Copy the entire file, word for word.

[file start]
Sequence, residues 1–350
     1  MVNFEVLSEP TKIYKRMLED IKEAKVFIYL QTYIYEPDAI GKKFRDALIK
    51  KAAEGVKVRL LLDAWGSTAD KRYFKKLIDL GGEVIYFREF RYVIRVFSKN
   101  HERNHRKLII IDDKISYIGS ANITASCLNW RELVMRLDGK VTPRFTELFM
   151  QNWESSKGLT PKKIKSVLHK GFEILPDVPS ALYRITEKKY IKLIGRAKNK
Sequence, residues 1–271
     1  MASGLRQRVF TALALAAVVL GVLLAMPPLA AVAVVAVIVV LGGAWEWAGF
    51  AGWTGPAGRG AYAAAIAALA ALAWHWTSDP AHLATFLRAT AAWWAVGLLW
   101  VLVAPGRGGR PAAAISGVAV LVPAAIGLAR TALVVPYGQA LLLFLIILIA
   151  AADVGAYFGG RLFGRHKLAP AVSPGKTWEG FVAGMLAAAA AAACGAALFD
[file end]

Sequence, residues 1–350
     1  MVNFEVLSEP TKIYKRMLED IKEAKVFIYL QTYIYEPDAI GKKFRDALIK
    51  KAAEGVKVRL LLDAWGSTAD KRYFKKLIDL GGEVIYFREF RYVIRVFSKN
   101  HERNHRKLII IDDKISYIGS ANITASCLNW RELVMRLDGK VTPRFTELFM
   151  QNWESSKGLT PKKIKSVLHK GFEILPDVPS ALYRITEKKY IKLIGRAKNK
Sequence, residues 1–271
     1  MASGLRQRVF TALALAAVVL GVLLAMPPLA AVAVVAVIVV LGGAWEWAGF
    51  AGWTGPAGRG AYAAAIAALA ALAWHWTSDP AHLATFLRAT AAWWAVGLLW
   101  VLVAPGRGGR PAAAISGVAV LVPAAIGLAR TALVVPYGQA LLLFLIILIA
   151  AADVGAYFGG RLFGRHKLAP AVSPGKTWEG FVAGMLAAAA AAACGAALFD